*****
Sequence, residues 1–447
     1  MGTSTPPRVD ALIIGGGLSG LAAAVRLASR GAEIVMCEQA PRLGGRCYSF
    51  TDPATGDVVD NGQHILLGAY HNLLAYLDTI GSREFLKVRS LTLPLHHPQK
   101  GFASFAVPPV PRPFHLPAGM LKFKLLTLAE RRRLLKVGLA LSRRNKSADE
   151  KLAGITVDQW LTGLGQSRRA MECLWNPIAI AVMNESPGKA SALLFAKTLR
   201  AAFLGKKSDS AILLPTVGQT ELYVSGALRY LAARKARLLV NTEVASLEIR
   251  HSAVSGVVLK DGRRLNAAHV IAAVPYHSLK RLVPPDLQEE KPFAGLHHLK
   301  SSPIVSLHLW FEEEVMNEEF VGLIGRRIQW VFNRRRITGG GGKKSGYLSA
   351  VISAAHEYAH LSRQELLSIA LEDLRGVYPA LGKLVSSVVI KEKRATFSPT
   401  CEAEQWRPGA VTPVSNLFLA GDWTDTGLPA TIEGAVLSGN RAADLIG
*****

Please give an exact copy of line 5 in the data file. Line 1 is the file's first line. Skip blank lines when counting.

   151  KLAGITVDQW LTGLGQSRRA MECLWNPIAI AVMNESPGKA SALLFAKTLR